Last reviewed: 12/22/2022
Faculty or staff concerned about a student in distress?
While many people experience brief periods of sadness, these feelings are most often expectable reactions to the struggles and disappointments we all occasionally confront, and tend to get better over a relatively brief period of time.
By contrast, someone with depression may experience feelings of extreme sadness, despair, or emptiness that continue for several weeks or longer. Depressed individuals often feel helpless and hopeless and may suffer from a sense of worthlessness and self-blame.
People who are depressed may become overwhelmed and exhausted and stop participating in things they usually enjoy. They may withdraw from friends and lose interest in academic commitments. Even eating and sleeping patterns can change.
Common Symptoms of Depression
- Avoiding social activities or not appearing to enjoy these activities
- Having trouble falling or staying asleep; sleeping too much
- Difficulty concentrating or finding that previously manageable tasks are now difficult
- Feeling hopeless and helpless
- Loss of self-worth
- Inability to control negative thoughts
- Loss of appetite or overeating
- Feeling irritable or easily frustrated
- Consuming more alcohol than normal or engaging in other reckless behavior
- Having thoughts that life is not worth living
- Depression varies from person to person.
Experiencing a few of the symptoms described above does not necessarily imply you are clinically depressed, but if you are experiencing a cluster of these symptoms more days than not in an ongoing way, and they cause you a good deal of distress or interfere with your functioning , it may be that you are dealing with depression. Before these symptoms become overwhelming, it’s time to seek help.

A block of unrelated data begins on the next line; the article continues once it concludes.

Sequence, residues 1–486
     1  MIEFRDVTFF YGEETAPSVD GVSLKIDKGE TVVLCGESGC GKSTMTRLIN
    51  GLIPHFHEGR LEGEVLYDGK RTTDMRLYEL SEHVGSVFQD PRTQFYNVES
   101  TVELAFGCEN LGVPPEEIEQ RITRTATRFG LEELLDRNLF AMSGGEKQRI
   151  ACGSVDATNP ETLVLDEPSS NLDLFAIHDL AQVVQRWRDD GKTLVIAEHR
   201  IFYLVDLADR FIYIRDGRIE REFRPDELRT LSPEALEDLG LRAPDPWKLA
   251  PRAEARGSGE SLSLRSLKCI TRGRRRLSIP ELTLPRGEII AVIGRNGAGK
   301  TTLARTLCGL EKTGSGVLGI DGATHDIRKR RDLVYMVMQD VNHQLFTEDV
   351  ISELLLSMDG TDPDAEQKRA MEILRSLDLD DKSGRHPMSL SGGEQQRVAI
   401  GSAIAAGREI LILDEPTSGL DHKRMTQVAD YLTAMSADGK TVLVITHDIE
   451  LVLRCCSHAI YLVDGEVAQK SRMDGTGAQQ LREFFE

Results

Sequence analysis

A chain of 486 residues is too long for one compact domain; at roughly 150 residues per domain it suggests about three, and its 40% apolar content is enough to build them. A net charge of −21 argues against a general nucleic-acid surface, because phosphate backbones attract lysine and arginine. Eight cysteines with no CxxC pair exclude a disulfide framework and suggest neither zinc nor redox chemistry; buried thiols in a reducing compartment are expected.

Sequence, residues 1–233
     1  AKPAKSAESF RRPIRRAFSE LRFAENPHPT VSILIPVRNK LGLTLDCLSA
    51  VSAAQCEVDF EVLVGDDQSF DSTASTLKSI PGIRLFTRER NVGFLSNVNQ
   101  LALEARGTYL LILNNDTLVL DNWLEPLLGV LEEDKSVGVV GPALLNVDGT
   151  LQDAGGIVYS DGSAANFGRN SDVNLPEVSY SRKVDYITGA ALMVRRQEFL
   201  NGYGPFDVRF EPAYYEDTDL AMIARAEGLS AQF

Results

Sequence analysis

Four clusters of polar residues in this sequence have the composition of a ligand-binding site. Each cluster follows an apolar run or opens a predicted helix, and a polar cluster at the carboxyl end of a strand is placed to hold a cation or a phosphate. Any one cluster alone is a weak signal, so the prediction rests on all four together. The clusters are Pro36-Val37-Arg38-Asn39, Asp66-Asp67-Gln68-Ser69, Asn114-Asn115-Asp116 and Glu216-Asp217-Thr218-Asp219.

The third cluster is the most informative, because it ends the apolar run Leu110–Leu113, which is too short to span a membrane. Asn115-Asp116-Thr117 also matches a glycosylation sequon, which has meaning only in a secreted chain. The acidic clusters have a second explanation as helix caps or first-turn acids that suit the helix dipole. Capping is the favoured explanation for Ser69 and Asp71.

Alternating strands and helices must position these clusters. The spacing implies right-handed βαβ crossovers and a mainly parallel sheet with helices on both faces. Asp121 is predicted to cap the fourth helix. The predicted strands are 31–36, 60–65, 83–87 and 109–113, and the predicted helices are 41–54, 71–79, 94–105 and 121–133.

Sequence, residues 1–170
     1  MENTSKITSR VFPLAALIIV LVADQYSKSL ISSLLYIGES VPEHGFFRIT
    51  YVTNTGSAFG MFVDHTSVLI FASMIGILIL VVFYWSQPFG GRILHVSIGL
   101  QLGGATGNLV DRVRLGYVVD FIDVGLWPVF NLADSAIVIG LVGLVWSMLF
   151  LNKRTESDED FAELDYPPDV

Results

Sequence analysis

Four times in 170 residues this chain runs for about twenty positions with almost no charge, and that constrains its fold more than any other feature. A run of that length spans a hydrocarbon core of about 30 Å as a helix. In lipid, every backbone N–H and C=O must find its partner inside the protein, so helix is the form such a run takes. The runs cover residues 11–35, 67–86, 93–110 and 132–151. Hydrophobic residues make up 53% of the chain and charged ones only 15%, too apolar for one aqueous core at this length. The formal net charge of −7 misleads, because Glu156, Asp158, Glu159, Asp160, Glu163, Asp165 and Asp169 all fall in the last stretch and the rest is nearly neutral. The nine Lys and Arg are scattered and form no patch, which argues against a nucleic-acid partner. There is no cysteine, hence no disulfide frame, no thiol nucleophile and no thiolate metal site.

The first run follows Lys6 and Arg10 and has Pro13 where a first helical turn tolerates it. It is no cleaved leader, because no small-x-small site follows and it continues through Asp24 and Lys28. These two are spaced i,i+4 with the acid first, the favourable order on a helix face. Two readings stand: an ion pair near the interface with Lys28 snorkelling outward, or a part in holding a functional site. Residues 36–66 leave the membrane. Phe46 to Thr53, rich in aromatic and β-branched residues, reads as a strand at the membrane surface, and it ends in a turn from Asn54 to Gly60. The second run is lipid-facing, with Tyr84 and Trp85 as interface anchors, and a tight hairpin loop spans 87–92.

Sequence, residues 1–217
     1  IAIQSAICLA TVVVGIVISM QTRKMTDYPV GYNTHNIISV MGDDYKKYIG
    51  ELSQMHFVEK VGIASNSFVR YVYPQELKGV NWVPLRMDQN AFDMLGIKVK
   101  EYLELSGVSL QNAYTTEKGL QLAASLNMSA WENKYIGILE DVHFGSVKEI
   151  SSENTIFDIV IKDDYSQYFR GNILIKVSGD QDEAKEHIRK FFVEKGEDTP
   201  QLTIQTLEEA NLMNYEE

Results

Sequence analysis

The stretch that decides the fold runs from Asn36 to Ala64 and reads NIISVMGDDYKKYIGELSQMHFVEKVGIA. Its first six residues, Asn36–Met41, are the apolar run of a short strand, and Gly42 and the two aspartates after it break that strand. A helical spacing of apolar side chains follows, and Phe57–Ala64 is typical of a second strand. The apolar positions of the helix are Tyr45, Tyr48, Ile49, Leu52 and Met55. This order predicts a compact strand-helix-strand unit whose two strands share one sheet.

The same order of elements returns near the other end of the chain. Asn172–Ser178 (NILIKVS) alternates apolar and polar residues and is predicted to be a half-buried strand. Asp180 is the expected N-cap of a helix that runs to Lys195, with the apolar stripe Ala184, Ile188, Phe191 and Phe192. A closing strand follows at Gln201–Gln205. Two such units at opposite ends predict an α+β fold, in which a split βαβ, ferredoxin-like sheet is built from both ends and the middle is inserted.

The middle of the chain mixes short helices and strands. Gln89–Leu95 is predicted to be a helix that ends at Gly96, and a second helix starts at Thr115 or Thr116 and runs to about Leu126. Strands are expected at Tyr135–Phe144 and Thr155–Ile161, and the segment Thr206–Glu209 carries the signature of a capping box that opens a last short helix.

- Affects people from ALL identities
- Affects a significant percentage of the population—it’s a common problem, not one that should cause embarrassment.
- Acute depressive episodes are more frequent among 18-29 year olds than among most other age groups
- Along with anxiety, is one of the most common reasons students go to CPS
- Is treatable
Depression and Suicide
Depression is a major risk factor for suicide. The deep despair and hopelessness that goes along with depression can make suicide feel like the only way to escape the pain. Thoughts of death or suicide may be a serious symptom of depression or another significant psychiatric problem, so take any suicidal talk or behavior seriously. It's not only a warning sign that the person is at risk of suicide: it's a way of expressing desperation and a need for help.
Talk with a professional experienced in helping individuals struggling with depression. Support may include individual or group counseling, among other strategies.
The Counseling and Psychological Services team in Columbia Health comprises psychologists, psychiatrists, and social workers available to provide support through scheduled appointments, urgent concerns drop-in, problem-solving/coping skills drop-in, or support spaces.